Tamara Van San is a sculptor. Sometimes she is a ceramic sculptor. The one thing to expect from this Belgian artist is the unexpected. Her materials range from ceramics to synthetic gypsum to fiberglass. The material she uses depends on what she’s trying to say. And of course the problem that the meaning of a non-figurative sculpture is often approached by the viewer — and perhaps even by the sculptor — in a superficial way. So how does she get the viewer to invest something of themself in what she has put in front of them?
“My chief hope is to find a viewer who can genuinely read forms; who has not forgotten that the way of looking at things — all things everywhere and all of the time — and thinking about them is constantly changing.
“What interests me most are ideas relating to form. Is it new? Will it eventually hang or lie or stand? And of course, I must ask myself what material and technique has the greatest potential to communicate. My main task is finding new formal solutions by thinking through my own actions with the material, whether it is clay or fiberglass, natural or man-made. How do I get people to truly begin to experience my nonfigurative shape? What must I do to guide the viewer’s eye? How do I trigger their emotions, thoughts, images and stories so that the sculptures speak to them? My answer of course will depend upon the questions I first ask myself.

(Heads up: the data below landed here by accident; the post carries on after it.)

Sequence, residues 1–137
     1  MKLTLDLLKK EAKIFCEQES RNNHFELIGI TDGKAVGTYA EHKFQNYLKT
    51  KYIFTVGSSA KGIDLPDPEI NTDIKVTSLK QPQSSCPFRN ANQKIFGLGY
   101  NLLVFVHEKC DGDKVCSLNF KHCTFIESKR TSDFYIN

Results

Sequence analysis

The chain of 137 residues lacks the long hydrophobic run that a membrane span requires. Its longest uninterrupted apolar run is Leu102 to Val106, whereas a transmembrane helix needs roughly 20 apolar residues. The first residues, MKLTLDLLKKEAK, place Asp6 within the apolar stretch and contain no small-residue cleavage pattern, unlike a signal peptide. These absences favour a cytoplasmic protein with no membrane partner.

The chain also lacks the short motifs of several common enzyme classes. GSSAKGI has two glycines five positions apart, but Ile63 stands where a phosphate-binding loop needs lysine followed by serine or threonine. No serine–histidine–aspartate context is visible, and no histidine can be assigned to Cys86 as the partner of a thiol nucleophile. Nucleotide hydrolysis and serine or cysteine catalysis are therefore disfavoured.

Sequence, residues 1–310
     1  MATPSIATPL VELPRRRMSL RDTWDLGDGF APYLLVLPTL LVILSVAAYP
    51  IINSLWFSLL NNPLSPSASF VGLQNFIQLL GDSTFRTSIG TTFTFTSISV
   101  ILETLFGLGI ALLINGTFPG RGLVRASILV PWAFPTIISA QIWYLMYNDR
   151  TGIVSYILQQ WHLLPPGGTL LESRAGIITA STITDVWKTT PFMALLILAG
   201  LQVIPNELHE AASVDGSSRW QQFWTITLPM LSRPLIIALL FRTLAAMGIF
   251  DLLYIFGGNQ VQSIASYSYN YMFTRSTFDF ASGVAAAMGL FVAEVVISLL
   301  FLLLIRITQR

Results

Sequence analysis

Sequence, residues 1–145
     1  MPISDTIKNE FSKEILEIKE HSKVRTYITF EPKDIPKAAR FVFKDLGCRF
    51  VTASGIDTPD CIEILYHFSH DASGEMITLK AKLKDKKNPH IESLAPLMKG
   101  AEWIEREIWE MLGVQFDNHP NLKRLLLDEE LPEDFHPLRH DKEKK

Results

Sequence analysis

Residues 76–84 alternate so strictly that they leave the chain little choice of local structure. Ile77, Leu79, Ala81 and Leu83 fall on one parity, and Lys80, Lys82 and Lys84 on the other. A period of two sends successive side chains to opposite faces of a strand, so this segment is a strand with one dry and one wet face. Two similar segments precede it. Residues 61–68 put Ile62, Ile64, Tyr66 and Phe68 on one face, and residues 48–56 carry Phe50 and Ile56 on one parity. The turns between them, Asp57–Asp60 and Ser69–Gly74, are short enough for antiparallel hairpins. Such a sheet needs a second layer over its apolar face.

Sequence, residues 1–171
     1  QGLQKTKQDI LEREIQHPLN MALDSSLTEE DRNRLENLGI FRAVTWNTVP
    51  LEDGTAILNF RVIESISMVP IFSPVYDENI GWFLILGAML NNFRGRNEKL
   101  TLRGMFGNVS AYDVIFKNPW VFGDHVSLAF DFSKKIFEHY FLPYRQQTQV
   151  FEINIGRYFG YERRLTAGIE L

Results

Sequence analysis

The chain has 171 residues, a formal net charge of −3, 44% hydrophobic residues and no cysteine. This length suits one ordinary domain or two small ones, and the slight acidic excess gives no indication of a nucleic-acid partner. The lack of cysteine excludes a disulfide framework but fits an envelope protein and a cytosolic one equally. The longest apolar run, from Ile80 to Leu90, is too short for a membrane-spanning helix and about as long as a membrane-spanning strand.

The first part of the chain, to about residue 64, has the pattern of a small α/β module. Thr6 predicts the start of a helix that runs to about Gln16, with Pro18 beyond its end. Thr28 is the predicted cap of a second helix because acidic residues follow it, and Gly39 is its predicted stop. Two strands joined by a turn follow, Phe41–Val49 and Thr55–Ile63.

“What makes a shape so appealing? Certainly not a social or political concept. I want my viewers to be concerned with forms, with formal solutions, not — or at least hardly ever — with art history or social or political matters…at least not explicitly.
“Can the pieces effect be spiritual, emotional or sensory? I often work with circles and ovals. For me they refer to the infinite. The form influences the way you experience the object. There is something pure and untainted about geometric forms, which leaves us free to look at them. You can also say things by deviating from these forms, by corrupting them, making them distorted or clumsy. I want to create a kind of confusion or astonishment so that people pay more attention to them.
How do sculptures speak? Is it by resembling, or by differing from other things in terms of form?
Some have said there is something disturbing about the form of my works. In some cases it’s the waywardness of the material, the ability of the clay and glaze to speak. Is it important to defy the way we view and think about things, and not simply defined them?
Each ceramic piece poses the same challenges: how do I get the clay to speak, to be irreplaceable?
An artist can choose to make work easier; work that is less surprising or frightening. But I have chosen to astonish, and thereby communicate my own astonishment at things. If I want one thing, it is the opportunity to arouse and retain the viewer’s astonishment.
Ideas taken from an interview by Hans Theys